For camping I use a tent and for troubleshooting I use a tarp similar to the ENO Pro outer tent instead of a full tent. The flaps are much lighter and protect against weather influences, just like a tent. However, mistakes cannot be avoided – again: This is about saving lives, not maximizing comfort.

Sleeping bags are another weight factor that takes up a lot of space. My tent and sleeping bag are the heaviest and largest items in my normal camping backpack. You can buy very light and compact sleeping bags, but count on at least $400 to save weight and space in your bag for everything else you need.

Again, on the subject of survival: I would recommend the SOL Emergency Bivvy adventure medical kits instead of a sleeping bag. They are cheaper than a regular bag, about $15, fit in the palm of your hand and weigh only 4 ounces. This saves a lot of weight and space in your package.

Light and Light

By the fire, you can craft or keep it safe. I recommend some good Bic disposable lighters kept in a waterproof bag. Simple and practically reliable protection. I also carry the Swedish Firesteel as a backup. You can also bring all kinds of other accessories, but if you can’t make a fire with a lighter or steel, you can’t make a fire.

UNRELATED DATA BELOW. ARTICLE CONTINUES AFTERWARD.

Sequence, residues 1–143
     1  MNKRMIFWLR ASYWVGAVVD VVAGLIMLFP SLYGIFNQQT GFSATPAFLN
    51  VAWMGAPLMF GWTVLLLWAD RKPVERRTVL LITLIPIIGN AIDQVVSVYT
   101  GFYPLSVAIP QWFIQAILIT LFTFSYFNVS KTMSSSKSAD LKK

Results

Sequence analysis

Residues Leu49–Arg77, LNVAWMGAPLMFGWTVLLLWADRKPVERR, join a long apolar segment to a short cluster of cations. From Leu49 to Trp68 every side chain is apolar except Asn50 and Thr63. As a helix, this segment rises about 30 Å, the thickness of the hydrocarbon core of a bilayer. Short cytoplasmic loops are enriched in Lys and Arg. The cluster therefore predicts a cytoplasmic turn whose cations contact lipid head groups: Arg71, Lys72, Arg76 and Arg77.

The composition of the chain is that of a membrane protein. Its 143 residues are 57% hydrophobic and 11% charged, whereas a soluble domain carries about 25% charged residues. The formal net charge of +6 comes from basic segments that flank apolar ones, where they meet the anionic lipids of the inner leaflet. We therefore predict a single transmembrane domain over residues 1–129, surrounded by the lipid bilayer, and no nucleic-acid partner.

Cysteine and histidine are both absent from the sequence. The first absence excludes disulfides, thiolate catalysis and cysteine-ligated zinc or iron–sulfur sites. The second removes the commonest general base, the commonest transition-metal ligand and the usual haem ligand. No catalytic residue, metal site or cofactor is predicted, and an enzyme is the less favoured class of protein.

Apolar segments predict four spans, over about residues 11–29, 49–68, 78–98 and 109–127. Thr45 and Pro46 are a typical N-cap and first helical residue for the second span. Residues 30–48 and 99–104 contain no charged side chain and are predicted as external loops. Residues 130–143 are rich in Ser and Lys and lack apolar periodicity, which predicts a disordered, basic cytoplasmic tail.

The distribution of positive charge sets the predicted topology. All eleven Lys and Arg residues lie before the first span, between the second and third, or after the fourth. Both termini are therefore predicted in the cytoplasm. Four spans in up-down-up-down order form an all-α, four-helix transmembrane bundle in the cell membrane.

GearLight LED headlight S500 2-pack

Weighing only 1.8 ounces (3 ounces with batteries), they are the perfect headlamp accessory for runners and outdoor adventurers. The removable, washable and adjustable headband is comfortable for both adults and children.

As far as lighting goes, I recommend LED headlights for everyone. It’s the perfect hands-free option to light your way, which is great even for kids. Everyone has their own LED headlight. I prefer these flashlights because they are hands-free and always point where the head is looking. Plus, they run on regular AAA batteries and not rechargeable batteries like some ceiling lights do.